Game Development Reference
Figure 12.19 “Sticky Finger'' Technique
Figure 12.20 “Head crusher'' Technique
back and forth (with the help of an additional hardware interface: a mouse or another
device) for bringing the object closer or moving it further along the ray. This method
makes it possible to control the distance to the object but requires addition of an extra
input device for controlling the distance.
One technique extending the user's hand reach was proposed by I. Poupyrev et al.
(1996) This was the “Go-Go'' technique. The technique is similar to that of the virtual
hand, with a feature that makes it possible to extend the reach. This feature is the
transfer of real movements of the user onto the cursor (virtual hand) in a non-linear
manner from a distance D: when the user extends his hand beyond this distance D,
the movement scaling coefficient increases (non-linearly) with the distance. It permits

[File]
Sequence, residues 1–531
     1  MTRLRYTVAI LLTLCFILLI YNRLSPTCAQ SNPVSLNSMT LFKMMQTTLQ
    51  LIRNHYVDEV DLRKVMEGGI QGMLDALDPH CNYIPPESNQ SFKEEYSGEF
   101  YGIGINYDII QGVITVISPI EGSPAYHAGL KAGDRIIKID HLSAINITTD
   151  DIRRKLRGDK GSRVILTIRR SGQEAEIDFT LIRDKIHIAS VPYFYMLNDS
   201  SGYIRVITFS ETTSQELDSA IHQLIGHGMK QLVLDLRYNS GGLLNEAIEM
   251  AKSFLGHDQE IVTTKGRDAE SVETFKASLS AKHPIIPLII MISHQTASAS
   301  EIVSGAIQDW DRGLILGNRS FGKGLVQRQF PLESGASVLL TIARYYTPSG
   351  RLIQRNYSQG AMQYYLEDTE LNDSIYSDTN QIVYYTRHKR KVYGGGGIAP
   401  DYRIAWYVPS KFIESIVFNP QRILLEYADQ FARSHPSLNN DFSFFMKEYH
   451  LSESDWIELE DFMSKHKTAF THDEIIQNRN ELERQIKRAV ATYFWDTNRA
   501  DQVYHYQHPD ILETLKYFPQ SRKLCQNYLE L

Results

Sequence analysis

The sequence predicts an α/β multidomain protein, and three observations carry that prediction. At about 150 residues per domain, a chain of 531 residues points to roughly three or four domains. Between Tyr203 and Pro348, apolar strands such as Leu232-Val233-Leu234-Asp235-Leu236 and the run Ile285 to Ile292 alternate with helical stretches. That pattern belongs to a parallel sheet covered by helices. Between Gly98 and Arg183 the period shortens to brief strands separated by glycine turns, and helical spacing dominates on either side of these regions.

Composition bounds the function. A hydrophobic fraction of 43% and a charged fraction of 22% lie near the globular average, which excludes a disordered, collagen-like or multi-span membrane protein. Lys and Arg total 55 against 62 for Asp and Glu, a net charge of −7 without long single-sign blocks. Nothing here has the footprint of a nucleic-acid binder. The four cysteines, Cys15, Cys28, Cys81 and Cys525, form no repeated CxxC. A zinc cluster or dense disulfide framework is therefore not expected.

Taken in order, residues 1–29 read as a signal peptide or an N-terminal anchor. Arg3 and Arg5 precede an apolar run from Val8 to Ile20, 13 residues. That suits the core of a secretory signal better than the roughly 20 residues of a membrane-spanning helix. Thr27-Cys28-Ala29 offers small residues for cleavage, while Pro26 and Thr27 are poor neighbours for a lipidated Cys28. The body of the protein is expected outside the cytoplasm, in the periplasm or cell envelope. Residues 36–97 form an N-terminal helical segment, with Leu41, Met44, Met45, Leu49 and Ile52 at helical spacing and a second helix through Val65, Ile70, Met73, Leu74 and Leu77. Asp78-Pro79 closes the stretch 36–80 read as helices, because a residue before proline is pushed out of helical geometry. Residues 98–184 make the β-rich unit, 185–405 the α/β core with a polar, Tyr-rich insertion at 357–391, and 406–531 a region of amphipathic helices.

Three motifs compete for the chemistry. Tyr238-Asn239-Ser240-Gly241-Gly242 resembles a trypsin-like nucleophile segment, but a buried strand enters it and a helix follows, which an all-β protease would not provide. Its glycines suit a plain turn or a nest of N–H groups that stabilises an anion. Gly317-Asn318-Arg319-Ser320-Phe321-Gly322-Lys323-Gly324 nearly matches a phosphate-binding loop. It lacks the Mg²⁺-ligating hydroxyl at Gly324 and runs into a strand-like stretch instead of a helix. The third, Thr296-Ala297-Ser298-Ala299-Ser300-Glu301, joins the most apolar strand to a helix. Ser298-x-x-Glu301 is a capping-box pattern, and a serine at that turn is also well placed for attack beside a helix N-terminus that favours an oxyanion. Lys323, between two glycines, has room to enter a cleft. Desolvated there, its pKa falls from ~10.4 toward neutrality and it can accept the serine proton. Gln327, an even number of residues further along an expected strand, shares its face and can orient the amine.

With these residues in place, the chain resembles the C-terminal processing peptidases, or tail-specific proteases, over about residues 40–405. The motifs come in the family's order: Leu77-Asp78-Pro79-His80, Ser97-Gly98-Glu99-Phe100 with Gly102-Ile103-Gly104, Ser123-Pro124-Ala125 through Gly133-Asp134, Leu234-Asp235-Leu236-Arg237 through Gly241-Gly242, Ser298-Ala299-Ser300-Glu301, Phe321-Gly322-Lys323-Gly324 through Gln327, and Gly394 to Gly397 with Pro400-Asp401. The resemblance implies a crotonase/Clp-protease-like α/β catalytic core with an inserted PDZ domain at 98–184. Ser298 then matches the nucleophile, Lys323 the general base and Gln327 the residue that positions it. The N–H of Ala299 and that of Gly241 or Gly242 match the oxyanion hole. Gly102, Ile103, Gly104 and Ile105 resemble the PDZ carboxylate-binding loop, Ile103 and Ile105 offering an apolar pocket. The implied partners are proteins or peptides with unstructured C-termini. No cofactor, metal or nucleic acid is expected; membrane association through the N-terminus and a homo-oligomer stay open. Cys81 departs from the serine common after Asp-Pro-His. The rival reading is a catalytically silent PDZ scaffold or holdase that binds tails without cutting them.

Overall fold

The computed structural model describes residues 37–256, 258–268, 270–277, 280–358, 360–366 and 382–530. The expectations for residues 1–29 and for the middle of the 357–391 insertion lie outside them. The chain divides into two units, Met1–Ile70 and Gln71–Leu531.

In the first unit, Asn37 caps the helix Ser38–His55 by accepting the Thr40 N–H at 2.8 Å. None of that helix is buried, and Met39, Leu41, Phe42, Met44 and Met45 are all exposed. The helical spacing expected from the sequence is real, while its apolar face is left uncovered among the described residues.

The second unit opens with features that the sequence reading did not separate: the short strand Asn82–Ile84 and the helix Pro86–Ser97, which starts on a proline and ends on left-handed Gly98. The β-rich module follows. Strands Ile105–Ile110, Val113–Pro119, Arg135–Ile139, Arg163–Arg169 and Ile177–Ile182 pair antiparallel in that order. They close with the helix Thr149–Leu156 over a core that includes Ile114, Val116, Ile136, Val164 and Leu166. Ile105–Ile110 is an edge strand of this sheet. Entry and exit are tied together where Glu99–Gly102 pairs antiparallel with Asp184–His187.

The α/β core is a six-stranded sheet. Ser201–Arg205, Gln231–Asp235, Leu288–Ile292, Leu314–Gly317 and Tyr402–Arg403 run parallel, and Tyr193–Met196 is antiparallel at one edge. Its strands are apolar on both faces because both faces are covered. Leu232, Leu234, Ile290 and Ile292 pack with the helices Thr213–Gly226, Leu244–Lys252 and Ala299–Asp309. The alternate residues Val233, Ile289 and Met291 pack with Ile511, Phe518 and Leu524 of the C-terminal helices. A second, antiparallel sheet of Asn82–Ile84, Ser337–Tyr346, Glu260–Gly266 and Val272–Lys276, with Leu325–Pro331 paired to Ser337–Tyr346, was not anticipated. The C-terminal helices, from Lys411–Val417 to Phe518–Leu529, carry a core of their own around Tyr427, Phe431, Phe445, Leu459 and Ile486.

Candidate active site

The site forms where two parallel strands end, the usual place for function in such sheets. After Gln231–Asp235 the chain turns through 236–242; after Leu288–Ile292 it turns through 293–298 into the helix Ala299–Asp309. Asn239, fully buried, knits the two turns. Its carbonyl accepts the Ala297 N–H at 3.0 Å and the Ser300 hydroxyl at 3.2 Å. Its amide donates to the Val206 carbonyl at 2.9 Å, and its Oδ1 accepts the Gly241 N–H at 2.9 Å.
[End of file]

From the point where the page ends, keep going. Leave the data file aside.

intuitive and natural manipulation, at 6 degrees of freedom (6DoF), for a wide range
of distances. It remains a problem of accuracy over long distances because a small
movement of the human hand translates into a large movement of the cursor.
The “World in Miniature'' technique (WIM) (Stoakley et al., 1995) allows the
user's reach to be extended and provides the user with a miniature model of the virtual
environment (WIM), The user indirectly manipulates virtual objects by interacting with
their representations in the WIM (Figure 12.21). Direct manipulation of close objects
as well as manipulation of 6 degrees of freedom (6DoF) of objects is still possible,
whatever their distance. Manipulation of small objects might become difficult.
The rotation of virtual objects is often a problematic task for virtual ray-based
techniques, essentially with limited degrees of freedom. It is the same with the vir-
tual hand where rotation remains a limitation due to the morphology of the hand.
Poupyrev et al. (2000) propose using “Non-isomorphic 3D rotations''. This involves